Bass-baritone Greer Grimsley had just returned home to New Orleans, still jet-lagged after a month in Spain where he performed in Wagner's Siegfried, when his phone began buzzing with a news alert: A plane was missing from Barcelona. It took Grimsley a moment for it to register. "I started thinking: 'Wait a minute – today's the day that a lot of my friends from Barcelona are going to be travelling back to Germany.'"
After a series of frantic back-and-forth text messages among those involved in the production at Barcelona's Gran Teatro Liceu, the terrible news was announced: two Siegfried cast members, Oleg Bryjak and Maria Radner, were on the flight; Radner was travelling with her husband and baby.
"That was devastating," Grimsley recalled in a recent interview in Vancouver. "And it's just senseless. It's senseless any time a plane goes down, but when it's on purpose …" he trails off. Even before this disaster, he says, he thought about the potential for a crash every time he got on a plane – which, as an opera singer, he does a lot. "It's our nightmare."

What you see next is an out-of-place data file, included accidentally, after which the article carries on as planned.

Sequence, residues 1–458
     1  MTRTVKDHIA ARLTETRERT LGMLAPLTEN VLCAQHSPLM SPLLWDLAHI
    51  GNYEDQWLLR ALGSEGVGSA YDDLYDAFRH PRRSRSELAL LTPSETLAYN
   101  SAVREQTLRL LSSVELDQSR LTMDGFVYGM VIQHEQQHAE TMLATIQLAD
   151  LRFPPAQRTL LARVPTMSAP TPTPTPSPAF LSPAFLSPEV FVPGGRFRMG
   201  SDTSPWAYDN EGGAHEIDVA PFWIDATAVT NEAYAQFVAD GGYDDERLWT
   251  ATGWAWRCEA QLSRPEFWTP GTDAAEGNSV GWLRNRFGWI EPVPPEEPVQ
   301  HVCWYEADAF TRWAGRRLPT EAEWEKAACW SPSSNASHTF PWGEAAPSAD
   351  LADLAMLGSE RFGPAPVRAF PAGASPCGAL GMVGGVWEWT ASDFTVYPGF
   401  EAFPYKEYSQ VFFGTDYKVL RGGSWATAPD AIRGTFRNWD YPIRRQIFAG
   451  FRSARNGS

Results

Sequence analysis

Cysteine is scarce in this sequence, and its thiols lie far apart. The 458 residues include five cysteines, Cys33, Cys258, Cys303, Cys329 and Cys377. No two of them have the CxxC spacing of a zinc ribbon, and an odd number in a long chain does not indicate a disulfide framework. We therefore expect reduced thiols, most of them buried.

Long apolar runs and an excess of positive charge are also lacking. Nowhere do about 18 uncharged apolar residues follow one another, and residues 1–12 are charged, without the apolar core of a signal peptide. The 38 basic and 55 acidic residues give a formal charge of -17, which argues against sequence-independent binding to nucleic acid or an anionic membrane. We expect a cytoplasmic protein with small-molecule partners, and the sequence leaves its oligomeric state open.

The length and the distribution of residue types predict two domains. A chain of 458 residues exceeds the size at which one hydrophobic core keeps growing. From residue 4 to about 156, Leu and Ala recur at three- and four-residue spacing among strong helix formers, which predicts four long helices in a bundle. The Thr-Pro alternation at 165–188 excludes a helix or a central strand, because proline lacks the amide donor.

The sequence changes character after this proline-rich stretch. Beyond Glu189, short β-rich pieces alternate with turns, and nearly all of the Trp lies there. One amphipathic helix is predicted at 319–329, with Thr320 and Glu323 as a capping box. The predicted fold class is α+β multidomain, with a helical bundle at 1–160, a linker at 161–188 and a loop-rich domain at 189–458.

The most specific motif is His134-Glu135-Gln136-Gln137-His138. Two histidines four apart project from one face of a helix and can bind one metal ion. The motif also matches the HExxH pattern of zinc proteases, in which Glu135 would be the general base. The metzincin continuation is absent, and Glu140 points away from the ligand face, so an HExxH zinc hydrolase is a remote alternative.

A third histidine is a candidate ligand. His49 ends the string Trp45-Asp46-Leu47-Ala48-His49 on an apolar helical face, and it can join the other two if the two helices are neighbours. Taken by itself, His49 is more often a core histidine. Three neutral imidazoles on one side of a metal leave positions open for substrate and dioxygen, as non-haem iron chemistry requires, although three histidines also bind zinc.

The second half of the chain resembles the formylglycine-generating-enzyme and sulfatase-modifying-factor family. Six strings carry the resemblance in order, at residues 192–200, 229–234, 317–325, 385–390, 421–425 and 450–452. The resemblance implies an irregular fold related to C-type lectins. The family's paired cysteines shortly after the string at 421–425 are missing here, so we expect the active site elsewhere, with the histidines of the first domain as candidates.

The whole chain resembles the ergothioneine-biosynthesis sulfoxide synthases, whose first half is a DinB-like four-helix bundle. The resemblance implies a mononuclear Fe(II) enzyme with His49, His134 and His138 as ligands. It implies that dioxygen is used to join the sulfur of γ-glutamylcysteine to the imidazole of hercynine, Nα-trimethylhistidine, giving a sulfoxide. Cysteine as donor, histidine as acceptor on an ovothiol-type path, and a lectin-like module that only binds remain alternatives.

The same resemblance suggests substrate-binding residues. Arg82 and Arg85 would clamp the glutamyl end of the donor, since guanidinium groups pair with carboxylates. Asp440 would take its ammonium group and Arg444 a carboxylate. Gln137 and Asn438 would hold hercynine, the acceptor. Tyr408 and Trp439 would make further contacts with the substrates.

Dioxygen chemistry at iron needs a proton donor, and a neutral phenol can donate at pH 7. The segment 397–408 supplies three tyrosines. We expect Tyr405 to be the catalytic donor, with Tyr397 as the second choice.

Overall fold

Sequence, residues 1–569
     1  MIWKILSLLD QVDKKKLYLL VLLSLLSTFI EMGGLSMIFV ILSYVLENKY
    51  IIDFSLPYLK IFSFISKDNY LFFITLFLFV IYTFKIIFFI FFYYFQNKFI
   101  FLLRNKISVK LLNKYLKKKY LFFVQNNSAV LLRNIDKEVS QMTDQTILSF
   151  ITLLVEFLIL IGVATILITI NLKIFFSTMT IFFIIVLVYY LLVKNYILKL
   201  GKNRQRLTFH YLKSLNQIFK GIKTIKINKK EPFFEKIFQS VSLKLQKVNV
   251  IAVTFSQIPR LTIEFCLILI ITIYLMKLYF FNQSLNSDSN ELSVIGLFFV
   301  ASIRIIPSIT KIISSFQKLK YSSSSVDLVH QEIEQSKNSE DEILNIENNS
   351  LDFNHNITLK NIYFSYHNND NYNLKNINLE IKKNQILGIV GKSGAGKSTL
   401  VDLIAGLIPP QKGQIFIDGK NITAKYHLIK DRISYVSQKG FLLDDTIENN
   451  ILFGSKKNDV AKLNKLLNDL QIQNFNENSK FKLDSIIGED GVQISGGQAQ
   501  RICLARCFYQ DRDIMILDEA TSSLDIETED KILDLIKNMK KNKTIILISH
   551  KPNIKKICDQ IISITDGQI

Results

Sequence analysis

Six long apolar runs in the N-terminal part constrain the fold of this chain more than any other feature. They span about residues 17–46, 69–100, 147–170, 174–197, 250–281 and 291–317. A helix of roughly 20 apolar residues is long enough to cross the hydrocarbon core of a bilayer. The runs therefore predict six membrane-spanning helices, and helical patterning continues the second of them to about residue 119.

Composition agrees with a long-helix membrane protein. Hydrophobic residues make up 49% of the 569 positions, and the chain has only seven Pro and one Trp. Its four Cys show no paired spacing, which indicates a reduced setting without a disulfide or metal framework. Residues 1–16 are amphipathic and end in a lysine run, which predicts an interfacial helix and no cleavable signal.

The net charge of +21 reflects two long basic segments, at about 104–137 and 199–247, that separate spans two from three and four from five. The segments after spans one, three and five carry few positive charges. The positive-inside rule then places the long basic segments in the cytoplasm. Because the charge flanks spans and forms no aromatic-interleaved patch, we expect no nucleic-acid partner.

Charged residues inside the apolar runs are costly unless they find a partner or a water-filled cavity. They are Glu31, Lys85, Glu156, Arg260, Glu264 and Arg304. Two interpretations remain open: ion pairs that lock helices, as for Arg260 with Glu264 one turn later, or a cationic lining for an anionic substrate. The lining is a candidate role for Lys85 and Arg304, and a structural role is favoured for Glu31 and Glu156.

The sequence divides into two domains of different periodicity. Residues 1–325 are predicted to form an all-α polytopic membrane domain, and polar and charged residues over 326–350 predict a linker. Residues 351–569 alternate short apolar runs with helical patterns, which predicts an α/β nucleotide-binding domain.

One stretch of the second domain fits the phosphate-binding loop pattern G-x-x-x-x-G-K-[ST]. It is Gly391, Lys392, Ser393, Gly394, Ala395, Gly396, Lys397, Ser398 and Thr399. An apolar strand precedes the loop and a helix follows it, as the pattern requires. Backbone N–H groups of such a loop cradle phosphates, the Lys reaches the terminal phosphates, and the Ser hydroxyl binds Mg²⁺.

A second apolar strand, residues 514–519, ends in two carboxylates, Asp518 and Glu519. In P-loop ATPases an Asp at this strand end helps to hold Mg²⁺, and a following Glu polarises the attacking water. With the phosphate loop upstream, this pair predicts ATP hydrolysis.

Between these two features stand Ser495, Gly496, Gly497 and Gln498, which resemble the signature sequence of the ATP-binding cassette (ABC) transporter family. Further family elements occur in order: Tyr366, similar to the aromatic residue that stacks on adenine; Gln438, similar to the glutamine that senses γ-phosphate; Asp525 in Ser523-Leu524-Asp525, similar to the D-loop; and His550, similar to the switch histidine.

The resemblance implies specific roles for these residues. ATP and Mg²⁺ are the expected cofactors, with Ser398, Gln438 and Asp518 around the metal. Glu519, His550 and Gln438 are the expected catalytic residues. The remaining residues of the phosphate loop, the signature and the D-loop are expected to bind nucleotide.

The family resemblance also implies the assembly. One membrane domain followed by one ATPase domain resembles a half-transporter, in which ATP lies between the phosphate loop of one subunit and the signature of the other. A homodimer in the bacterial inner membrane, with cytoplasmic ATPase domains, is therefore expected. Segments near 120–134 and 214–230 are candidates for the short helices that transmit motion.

Less than a week after the March 24 Germanwings tragedy, Grimsley and his wife, mezzo-soprano Luretta Bybee, travelled to Vancouver to prepare for Vancouver Opera's production of Stephen Sondheim's Sweeney Todd, in which they co-star as the demon barber and Mrs. Lovett.
"At first, it was a little difficult to get my head sort of completely here," says Grimsley, during a break in rehearsals. "But in short order, because we have a job to do … I got to the place where I think the best way to honour them is to continue to do what we do. And to not forget how special we all are. And I won't take for granted saying goodbye and hopefully seeing somebody the next time."